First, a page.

Frequently Asked Questions About Weight Loss
Print these questions and answers to discuss with your health care provider.
1. Can being overweight lead to health problems?
Yes. Being overweight is linked to a number of health problems, including:
- Heart disease and stroke
- High blood pressure
- Gallbladder disease and gallstones
- Breathing problems, such as sleep apnea (when a person stops breathing for a short time during sleep) and asthma
2. How do I know if I am obese?
Obesity is defined as an excess proportion of total body fat. A person is considered obese when his or her Body Mass Index (BMI) is equal to or greater than 30.
3. Is any fat healthy?
A certain amount of fat in the diet is good and necessary to be healthy. However, nutrition experts agree that most Americans should eat less fat than they currently do. When you do eat fat, make sure it is primarily unsaturated fat, such as fat that comes from nuts, grains, and vegetable sources like olive oil.
4. What steps should I take to lose weight?
- Decide you want to permanently lose weight.
- Educate yourself.
- Have a realistic weight loss goal in mind.
- Formulate a structured weight loss plan with your doctor and receive proper follow-up.
What type of exercise is best?
It does not matter what type of physical activity you perform -- sports, planned exercise, household chores, yard work, or work-related tasks -- all are beneficial.
Over the past few years, exercise advertisements have targeted simplified exercise routines for weight reduction and maintenance. Some exercise advertisements sell the belief that one machine will work your entire body and give you the results you need. However, many of these machines may only be good for one type of conditioning, such as cardiovascular. These machines also have limitations to the type of exercise you can do and they are not appropriate for everyone. To determine the best type of exercise program for you, talk to your doctor and a certified athletic trainer.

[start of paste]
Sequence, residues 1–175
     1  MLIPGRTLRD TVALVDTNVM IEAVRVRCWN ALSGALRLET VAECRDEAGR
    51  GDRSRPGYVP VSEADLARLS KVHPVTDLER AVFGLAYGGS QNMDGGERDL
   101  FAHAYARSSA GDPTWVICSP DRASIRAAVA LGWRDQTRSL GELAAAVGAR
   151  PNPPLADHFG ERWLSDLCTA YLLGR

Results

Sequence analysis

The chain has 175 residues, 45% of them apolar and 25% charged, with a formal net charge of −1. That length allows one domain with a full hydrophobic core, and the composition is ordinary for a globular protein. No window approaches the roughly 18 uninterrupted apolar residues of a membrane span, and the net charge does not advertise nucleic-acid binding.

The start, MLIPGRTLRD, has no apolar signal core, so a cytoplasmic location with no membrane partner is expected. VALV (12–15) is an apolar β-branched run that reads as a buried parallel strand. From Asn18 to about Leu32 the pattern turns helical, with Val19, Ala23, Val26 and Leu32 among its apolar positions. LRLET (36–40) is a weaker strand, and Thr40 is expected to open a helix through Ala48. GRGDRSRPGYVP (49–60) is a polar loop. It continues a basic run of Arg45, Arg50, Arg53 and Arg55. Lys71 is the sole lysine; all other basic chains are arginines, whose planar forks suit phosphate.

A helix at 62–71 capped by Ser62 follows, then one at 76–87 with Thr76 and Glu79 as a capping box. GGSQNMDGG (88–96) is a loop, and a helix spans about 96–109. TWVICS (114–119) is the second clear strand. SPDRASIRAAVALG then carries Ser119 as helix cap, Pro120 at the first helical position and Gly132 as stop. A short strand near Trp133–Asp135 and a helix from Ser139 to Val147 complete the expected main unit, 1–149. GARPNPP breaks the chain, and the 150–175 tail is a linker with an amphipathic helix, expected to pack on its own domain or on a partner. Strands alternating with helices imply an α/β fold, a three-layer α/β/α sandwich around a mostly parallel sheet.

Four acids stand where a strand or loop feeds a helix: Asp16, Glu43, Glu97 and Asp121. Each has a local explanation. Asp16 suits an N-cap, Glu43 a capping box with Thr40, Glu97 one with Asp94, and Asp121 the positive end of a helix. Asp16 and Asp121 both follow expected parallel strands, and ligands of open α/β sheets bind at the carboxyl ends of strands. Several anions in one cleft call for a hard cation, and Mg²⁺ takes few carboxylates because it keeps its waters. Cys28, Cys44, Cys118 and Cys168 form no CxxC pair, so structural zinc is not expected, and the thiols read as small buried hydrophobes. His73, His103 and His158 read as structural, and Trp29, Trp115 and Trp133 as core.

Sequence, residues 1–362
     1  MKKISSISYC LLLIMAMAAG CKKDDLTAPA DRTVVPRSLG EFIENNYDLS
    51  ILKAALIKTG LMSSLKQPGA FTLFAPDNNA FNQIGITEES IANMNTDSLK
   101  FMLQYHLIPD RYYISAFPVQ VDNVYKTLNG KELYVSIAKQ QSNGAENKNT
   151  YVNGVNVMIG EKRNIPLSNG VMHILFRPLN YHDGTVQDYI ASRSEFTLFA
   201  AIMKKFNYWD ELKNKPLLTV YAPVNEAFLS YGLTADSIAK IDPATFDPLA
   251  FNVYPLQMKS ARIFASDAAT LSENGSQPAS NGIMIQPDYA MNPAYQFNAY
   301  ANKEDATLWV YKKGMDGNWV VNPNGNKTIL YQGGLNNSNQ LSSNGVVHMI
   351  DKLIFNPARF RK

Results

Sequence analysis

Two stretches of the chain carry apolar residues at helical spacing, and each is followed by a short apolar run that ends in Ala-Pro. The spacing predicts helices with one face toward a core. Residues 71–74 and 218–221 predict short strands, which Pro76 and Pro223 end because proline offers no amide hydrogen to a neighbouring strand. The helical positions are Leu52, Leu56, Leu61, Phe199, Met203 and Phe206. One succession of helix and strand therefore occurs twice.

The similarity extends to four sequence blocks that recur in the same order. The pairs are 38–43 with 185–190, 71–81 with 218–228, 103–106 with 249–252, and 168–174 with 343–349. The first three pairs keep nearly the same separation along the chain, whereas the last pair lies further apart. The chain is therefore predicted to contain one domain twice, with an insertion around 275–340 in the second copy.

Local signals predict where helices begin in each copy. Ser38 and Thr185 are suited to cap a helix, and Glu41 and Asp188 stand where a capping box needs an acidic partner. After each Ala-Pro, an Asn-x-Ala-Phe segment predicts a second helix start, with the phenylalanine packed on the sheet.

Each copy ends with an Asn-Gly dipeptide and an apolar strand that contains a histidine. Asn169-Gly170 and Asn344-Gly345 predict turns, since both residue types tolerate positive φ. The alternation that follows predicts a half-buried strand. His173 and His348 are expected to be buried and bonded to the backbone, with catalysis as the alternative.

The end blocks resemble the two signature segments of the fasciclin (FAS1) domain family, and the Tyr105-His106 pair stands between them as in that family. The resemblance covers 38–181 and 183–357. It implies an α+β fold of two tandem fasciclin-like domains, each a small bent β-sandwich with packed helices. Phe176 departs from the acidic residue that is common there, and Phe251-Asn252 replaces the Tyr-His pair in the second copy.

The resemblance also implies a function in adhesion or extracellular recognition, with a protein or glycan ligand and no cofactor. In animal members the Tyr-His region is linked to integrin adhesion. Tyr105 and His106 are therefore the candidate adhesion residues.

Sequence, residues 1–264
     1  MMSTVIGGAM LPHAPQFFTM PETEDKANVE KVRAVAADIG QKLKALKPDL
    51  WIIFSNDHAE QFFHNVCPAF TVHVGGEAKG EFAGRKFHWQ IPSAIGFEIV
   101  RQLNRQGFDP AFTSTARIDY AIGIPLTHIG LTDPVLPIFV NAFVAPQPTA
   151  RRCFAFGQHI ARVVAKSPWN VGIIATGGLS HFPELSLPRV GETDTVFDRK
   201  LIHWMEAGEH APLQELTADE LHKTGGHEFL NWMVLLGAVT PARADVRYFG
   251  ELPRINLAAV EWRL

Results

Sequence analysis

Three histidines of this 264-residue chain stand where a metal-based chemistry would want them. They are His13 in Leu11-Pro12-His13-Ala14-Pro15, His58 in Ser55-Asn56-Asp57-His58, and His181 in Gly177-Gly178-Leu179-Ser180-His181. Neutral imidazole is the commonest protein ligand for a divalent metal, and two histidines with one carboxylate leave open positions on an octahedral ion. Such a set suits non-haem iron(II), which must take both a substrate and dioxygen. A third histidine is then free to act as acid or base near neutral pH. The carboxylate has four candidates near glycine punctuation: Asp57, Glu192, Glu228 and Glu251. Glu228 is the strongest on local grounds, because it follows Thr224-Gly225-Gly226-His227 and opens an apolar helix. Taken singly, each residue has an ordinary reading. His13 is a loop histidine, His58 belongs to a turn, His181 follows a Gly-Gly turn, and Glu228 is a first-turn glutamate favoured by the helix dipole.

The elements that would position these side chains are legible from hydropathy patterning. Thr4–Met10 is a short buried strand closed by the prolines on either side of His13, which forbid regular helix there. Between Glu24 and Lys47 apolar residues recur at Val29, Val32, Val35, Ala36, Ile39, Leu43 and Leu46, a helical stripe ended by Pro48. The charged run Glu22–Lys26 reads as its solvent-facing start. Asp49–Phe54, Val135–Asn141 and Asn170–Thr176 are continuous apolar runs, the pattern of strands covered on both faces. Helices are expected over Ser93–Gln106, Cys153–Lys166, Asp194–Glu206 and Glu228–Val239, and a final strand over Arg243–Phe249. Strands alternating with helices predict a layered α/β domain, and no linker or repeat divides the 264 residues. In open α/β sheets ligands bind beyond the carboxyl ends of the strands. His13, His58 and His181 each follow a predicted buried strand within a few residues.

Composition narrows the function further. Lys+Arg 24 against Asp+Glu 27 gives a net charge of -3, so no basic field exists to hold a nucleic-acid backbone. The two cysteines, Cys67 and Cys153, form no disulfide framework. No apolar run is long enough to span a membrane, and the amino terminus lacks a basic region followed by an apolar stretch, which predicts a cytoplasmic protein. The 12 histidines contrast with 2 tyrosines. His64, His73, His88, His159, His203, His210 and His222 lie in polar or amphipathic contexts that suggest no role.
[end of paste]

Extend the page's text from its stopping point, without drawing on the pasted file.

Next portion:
How much exercise should I do?
Studies show that even the most inactive people can gain significant health benefits if they accumulate just 30 minutes or more of physical activity per day.
For the greatest overall health benefits, experts suggest 30 minutes of moderate-intensity exercise on most (and preferably all) days of the week. Doing aerobic activity for most of the days and strength (anaerobic) training two to three days of the week is recommended for best results.
If you have been inactive for a while, you may want to start with less strenuous activities such as walking or swimming at a comfortable pace. Beginning at a slow pace will allow you to become physically fit without straining your body. Once you are in better shape, you can gradually do more strenuous activity.